Now….. what to do with my five SIGG water bottles?
I love bean dishes, as they are good for you and super cheap! This is a dish that my grandmother has prepared since I was a child and I love it. I recently tried making it with lima beans (since it’s hard to find the large beans the recipe usually calls for) and I have to say that it’s one of my favorite meals. If you liked my lentil soup recipe, you’ll love this one too. It’s amazing!
- 1 3/4 cups lima beans
- 2/3 cup extra virgin olive oil
- 3 onions, chopped
- 1-2 celery sticks, chopped
- 2-3 carrots, chopped
- 3 garlic cloves, sliced
- 1 tsp oregano
- 1 tsp thyme
- 14 oz can tomatoes (or we used jarred strained tomatoes to avoid BPA)
- 2 tbsp tomato paste
- 1 1/4 cup hot water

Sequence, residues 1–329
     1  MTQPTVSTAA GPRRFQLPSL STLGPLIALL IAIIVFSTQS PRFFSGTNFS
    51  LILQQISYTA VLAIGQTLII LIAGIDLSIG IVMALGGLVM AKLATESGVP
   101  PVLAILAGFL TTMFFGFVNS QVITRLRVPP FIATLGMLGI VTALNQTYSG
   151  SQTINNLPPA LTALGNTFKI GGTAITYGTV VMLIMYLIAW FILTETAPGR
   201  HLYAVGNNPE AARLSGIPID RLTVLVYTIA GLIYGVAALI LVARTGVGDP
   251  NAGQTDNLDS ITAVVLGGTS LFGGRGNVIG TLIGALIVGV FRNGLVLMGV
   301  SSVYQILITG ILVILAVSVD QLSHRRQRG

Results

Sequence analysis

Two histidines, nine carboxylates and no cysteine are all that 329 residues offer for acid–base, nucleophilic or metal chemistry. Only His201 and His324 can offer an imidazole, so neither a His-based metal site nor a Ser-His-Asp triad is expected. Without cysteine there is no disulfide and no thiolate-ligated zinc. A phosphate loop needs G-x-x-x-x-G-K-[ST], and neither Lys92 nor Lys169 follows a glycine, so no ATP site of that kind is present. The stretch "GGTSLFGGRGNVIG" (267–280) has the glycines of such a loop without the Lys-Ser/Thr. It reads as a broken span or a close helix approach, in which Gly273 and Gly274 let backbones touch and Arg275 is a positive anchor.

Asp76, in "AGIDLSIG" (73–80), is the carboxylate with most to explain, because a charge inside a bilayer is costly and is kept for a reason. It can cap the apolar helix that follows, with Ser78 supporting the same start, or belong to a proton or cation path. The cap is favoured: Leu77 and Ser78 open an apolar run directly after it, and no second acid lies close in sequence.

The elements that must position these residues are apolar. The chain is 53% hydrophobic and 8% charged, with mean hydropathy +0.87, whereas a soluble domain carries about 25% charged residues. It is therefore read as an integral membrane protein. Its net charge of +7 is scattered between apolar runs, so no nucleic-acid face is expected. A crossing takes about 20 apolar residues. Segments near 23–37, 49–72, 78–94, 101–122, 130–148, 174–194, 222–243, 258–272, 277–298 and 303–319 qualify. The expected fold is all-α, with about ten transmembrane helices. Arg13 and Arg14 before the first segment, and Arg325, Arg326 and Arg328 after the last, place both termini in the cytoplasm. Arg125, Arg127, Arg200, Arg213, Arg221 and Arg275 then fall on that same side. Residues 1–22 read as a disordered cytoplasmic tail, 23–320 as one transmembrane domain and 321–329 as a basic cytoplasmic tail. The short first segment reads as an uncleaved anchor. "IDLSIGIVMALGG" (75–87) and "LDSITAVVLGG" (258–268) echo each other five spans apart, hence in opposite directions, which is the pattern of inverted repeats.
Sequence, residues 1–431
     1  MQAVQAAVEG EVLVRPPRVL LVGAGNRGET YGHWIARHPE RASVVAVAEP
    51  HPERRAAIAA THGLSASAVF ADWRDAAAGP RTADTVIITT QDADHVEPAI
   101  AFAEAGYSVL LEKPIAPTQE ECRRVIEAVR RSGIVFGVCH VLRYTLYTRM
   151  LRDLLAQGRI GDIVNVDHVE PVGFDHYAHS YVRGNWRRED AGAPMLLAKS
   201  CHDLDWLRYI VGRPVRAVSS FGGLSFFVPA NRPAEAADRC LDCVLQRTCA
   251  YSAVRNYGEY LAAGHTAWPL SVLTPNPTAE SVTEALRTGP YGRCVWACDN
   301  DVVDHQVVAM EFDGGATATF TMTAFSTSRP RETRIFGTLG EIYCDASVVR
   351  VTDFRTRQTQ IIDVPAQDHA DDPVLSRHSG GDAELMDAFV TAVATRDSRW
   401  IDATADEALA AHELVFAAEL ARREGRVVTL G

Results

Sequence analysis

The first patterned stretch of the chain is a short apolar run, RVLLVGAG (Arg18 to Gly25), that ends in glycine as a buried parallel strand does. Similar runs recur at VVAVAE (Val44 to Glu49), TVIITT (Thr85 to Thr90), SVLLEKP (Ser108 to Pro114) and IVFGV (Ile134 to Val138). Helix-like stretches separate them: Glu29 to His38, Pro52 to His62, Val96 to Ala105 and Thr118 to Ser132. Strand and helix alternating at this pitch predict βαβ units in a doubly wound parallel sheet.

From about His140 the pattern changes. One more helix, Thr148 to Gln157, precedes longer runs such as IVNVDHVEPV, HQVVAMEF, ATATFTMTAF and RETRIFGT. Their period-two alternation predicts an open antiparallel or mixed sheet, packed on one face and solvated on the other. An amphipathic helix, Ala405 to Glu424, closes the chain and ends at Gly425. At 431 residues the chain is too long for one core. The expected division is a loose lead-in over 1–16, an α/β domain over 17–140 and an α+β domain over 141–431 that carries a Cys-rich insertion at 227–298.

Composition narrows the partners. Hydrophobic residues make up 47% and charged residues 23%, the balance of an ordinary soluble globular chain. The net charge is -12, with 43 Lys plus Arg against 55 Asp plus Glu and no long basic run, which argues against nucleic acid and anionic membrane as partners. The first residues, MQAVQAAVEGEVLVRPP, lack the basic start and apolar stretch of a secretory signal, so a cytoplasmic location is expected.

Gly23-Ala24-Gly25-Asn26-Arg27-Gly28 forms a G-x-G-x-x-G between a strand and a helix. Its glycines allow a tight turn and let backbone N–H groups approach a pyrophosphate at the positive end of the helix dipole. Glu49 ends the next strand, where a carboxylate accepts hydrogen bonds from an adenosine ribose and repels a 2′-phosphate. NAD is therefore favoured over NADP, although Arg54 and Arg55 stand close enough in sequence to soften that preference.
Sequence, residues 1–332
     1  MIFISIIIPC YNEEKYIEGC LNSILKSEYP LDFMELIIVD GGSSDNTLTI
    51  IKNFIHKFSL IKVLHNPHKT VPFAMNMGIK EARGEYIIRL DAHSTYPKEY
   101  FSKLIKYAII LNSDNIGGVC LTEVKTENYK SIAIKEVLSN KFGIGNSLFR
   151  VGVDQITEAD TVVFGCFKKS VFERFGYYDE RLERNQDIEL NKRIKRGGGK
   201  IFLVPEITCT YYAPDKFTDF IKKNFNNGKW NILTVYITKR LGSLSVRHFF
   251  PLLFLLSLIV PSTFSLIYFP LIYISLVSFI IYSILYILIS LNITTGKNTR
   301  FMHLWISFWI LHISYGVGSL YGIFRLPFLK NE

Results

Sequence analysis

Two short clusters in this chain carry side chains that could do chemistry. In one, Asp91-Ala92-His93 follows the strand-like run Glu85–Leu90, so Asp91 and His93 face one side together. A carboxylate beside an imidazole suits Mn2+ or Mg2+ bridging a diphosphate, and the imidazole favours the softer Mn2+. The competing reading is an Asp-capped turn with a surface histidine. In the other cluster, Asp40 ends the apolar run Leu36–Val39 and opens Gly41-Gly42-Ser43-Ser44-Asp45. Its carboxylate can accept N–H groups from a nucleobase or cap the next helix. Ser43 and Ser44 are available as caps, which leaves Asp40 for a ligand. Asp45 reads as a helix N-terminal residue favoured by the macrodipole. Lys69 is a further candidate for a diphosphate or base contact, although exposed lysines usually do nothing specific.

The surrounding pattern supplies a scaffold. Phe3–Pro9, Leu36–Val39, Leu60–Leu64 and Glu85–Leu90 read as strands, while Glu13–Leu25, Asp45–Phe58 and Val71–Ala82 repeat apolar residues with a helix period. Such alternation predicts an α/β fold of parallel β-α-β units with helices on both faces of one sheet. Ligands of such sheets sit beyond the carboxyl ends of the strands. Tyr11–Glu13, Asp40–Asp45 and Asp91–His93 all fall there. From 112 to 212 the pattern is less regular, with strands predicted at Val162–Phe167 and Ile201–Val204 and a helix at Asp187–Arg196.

- 1/2 tsp sugar
- 3 tbsp flat leaf parsley, chopped
- salt and pepper Continue reading »
I recently discovered a blog that follows the life of a woman trying to live without plastic called Life Less Plastic. There are many reasons why one might want to reduce their own use of plastic:
- The U.S. produced 27 million tons of plastic waste that ended up in landfills in 2005.
- It takes hundreds of years for a plastic bottle to degrade in a landfill.
- Many plastics contain BPA, which give polycarbonate (PC or often #7) strength. The Centers for Disease Control and Prevention have reported that 92% of Americans over 6 years of age test positive for BPA.
- Some plastic additives, like BPA and phthalates, are endocrine disruptors. They mimic hormones, such as estrogen, which can affect many different systems in the body. Continue reading »